Do patients require special investigations prior to Microsclerotherapy?
Most patients do not require any special investigations prior to having their first session of treatment. Occasionally, after clinical examination a Doctor may order a Doppler or Ultrasound scan to exclude underlying “invisible” larger feeding veins. If varicose veins are also present it is advisable that these should be treated first.
What are the risks/ side effects of Microsclerotherapy?
Microsclerotherapy is safe and most patients experience no complications.
Mild swelling around the ankles/ knees during the first 24-48 hours is occasionally reported by patients undergoing extensive treatment.
Very rarely a small area of skin may react to the injection with blistering and scab formation. This usually recovers over time although a small indented pink or white scar might persist.
Temporary pigmentation (brown staining of the overlying skin) occasionally follows the injection of large diameter thread veins. It may take several weeks to fade but is unlikely to be as unsightly as the original vein.
Telangiectatic matting is a paradoxical reaction to the injection treatment caused by the formation of extremely tiny blood vessels giving the appearance of a bluish or red bruise. This usually disappears without requiring further treatment within 6–12 months. Occasionally, laser therapy is required to deal with residual veins that are too small to inject.
The amount of concentrated salt water used for the injections is tiny and gets progressively diluted as it reaches the deep venous system. Nevertheless, extra care is taken when extended treatment is given to patients who are on the contraceptive pill or have a history of deep vein thrombosis.
Microsclerotherapy cure versus control
Unfortunately, some people are predisposed to produce thread veins and may continue to do so even after successful treatment. Treatment does not prevent new thread veins emerging over a period of time.Does microsclerotherapy impair the circulation to the skin?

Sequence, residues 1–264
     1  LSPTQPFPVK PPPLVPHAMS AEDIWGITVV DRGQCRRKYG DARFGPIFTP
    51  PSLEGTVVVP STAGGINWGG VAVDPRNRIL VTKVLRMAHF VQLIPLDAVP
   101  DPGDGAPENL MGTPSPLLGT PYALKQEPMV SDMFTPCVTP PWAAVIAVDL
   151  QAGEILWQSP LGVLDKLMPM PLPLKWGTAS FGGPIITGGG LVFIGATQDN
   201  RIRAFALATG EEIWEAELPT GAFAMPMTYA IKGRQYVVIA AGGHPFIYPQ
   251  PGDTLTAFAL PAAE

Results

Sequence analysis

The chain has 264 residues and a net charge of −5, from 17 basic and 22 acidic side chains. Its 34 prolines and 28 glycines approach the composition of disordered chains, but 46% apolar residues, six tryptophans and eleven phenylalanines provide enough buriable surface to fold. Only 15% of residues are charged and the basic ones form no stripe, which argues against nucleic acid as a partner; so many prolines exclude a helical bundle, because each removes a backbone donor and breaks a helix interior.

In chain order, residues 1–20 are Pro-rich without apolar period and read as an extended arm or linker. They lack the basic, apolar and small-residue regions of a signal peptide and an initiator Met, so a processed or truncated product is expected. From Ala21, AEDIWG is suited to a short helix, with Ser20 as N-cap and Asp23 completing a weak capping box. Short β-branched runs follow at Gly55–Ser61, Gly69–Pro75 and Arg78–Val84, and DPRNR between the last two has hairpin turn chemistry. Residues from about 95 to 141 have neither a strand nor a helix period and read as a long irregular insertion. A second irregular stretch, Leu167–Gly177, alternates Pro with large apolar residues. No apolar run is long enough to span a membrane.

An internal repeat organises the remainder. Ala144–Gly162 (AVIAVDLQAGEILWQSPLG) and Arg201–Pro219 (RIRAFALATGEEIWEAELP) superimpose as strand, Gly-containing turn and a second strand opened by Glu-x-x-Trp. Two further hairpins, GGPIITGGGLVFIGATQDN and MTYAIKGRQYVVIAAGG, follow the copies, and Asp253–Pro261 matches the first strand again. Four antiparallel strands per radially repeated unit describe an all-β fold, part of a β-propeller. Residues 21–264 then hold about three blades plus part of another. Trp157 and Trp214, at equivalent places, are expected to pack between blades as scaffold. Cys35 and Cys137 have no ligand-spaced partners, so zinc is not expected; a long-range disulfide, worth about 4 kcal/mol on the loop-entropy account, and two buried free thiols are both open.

Thread veins that are removed by micro injections are redundant and their removal does not impair the circulation of the skin in anyway.
Would laser treatment be beneficial?
While laser therapy is the treatment of choice for facial thread veins, it does not work very well on average leg thread veins. This is because leg thread veins are usually of a larger diameter and at a relatively deeper location. There is more risk of pigmentation (or permanent areas of whiteness) after laser particularly in dark skinned individuals. Also, with laser therapy, the patient has to avoid sun exposure before and several weeks after each treatment session. There are certain types of leg thread veins that appear like a permanent rash, particularly around the ankles, that respond only to laser (arborising telangiectasia). Laser may also be considered in individuals with needle phobia or when the thread veins are so small that micro injections cannot be given even under magnification.
Images below show a patient with arborising telangiectasia treated with the pulse dye laser.
Is a formal consultation necessary?
Some individuals may be satisfied with the information presented and feel ready to proceed with the first session of treatment. However, a consultation with a specialist to assess the degree and extent of the thread veins, their suitability for micro injections and possible need for investigations such as Doppler or Ultrasound scan may be required. Other aspects of treatment, viewing a range of before and after results as well as examples of potential side effects, approximate cost/ number of sessions required etc is desirable. Sometimes it is possible to combine the consultation with the first session of micro injections.
The opinions and images presented are those of Mr Awf Quaba and are based on his own experience and on an article written for a text book on venous diseases and review of the medical literature.